Farm Ireland
Independent.ie

Thursday 21 September 2017

Factories try to pull beef prices by 5c/kg

Finishing bullocks
Finishing bullocks
Martin Coughlan

Martin Coughlan

“Steady”, “unspectacular” “busy” or “very good considering” were some of the verdicts from factory agents, farmers and cattle lorry drivers this week on where the factory trade was over the Christmas and New Year period.

The overall picture I got was that the majority of plants were busy over the holidays as retail demand stayed strong and while prices did not fall, any additional payments above €3.80 or €3.90/ kg for bullocks and heifers were “ unspectacular”.

While €3.85-3.95 was reported as having been paid in “exceptional circumstances”, the general run over Christmas was €3.80-3.90/kg for bullocks and heifers.

With the trade now resumed for its first full week of 2017, factories were reported to be quoting 5c/kg less at €3.75 and €3.85/kg. This to my mind is a “ blind” with all indications pointing to €3.80-3.90/kg remaining the base off of which deals are being done.

Friesian bullocks continue to be bought on a flat price basis at some plants, with O grades making from €3.70-3.75/kg especially where bigger numbers were available. At those prices the message is clear - fattening expensive continental stock out of sheds is not what the factories want.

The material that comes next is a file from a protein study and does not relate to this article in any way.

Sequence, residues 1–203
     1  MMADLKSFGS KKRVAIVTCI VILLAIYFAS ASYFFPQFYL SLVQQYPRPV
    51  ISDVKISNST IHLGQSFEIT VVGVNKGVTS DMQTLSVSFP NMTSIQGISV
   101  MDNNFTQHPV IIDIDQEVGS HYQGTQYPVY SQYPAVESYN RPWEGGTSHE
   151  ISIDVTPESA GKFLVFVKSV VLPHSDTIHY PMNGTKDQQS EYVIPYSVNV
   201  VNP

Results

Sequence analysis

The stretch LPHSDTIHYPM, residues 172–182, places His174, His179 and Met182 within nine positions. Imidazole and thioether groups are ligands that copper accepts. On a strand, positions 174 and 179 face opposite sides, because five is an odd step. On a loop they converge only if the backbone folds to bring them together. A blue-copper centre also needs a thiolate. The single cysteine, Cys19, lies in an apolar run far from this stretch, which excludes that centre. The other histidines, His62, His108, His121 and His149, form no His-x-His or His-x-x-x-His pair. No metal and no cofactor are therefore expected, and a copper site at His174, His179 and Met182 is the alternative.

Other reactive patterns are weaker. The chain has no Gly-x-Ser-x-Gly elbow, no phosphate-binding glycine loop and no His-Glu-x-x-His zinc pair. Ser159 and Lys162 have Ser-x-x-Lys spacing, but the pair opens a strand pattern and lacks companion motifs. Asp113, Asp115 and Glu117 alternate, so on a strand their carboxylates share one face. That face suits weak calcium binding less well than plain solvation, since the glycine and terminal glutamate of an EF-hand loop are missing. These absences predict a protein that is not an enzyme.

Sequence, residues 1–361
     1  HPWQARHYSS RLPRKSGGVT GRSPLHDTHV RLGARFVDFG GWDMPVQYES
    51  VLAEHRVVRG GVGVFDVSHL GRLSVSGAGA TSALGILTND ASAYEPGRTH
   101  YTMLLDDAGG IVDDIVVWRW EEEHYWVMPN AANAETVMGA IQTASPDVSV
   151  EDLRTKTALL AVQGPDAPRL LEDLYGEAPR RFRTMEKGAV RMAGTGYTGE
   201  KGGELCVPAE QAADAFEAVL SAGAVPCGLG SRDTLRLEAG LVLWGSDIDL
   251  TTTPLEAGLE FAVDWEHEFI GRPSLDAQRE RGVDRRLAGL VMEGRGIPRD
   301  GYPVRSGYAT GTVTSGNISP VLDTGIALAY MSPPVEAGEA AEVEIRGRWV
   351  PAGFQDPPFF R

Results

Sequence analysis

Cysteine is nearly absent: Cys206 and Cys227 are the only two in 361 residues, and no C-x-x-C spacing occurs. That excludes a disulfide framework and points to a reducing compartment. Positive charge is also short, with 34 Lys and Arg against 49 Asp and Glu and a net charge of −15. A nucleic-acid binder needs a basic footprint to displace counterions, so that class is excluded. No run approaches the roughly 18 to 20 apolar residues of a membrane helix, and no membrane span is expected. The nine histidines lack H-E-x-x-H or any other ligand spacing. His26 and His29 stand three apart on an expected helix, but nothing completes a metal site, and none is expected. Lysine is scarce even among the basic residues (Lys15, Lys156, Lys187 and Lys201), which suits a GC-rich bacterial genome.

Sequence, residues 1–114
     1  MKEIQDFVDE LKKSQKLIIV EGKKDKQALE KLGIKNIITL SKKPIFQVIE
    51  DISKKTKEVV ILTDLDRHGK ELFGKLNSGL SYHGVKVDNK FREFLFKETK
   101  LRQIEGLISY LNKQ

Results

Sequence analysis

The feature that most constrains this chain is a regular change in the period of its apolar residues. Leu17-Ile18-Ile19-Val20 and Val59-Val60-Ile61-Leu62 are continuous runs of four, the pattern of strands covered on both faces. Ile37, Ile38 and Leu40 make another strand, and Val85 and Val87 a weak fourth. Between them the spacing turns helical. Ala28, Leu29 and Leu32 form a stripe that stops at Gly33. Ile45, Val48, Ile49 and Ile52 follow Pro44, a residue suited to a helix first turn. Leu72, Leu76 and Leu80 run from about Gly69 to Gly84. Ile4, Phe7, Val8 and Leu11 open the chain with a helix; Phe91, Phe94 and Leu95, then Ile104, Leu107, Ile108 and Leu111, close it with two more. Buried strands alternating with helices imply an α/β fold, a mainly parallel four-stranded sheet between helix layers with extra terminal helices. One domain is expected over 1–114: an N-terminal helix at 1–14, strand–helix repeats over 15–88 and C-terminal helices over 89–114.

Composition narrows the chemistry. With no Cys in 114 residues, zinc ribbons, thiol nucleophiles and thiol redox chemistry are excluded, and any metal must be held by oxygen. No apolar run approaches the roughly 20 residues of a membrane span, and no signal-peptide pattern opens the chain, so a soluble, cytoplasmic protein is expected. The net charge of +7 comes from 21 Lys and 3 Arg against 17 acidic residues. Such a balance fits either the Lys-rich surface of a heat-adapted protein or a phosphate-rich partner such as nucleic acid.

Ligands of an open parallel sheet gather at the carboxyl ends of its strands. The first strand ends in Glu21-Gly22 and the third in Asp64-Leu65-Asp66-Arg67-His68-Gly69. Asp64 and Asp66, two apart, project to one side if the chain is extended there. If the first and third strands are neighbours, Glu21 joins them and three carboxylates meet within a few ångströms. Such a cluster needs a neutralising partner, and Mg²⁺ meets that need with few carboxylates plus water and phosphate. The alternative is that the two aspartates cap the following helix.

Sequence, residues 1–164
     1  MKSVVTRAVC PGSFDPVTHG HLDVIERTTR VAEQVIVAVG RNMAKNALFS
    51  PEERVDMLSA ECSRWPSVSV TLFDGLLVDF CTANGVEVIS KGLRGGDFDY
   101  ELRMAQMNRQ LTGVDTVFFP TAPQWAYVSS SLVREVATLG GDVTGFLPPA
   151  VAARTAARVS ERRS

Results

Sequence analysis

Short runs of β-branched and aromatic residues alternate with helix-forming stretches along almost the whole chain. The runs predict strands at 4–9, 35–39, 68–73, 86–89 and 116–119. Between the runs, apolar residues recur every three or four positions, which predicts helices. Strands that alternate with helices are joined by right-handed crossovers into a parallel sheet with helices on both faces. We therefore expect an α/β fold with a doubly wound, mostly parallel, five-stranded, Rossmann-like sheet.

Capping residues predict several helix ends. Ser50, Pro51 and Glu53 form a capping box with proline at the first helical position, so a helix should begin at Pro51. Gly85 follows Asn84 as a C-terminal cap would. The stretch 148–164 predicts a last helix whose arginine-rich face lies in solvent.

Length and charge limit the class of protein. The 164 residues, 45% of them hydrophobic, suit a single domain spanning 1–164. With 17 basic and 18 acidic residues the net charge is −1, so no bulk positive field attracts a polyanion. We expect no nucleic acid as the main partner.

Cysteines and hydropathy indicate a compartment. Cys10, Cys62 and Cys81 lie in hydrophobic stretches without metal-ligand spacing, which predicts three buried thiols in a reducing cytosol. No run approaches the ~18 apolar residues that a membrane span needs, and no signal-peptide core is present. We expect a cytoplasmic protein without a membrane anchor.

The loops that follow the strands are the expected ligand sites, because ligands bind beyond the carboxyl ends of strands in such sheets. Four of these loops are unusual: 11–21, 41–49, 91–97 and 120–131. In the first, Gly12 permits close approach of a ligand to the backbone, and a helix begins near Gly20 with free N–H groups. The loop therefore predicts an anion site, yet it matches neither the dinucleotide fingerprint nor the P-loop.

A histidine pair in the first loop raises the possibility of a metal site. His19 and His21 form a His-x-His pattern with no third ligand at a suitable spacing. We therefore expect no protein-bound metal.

While bullocks and heifers have put on between 5-10c/kg since before Christmas, the trade for bulls remains unchanged with prices ranging from €3.85/kg for Us up to 24 months, back to €3.65/kg for Os, with Rs in the middle at €3.75/kg.

Cow trade The cow trade on the other hand has strengthened somewhat. Prices I got yesterday had the P+3 grade tightening up from €2.80-3.00/kg before Christmas to €3.05/kg, while those lesser P grades moved up to that €2.80-3.00 price division.

In conclusion, the story of Christmas 2016 in the factory business was one where prices rose 5-10c/kg as factories made sure supplies kept coming.

Once the Christmas rush had subsided or the bosses had done enough to keep men with younger stock in sheds feeding, they are trying to squeeze it back. Let’s see how it plays out.

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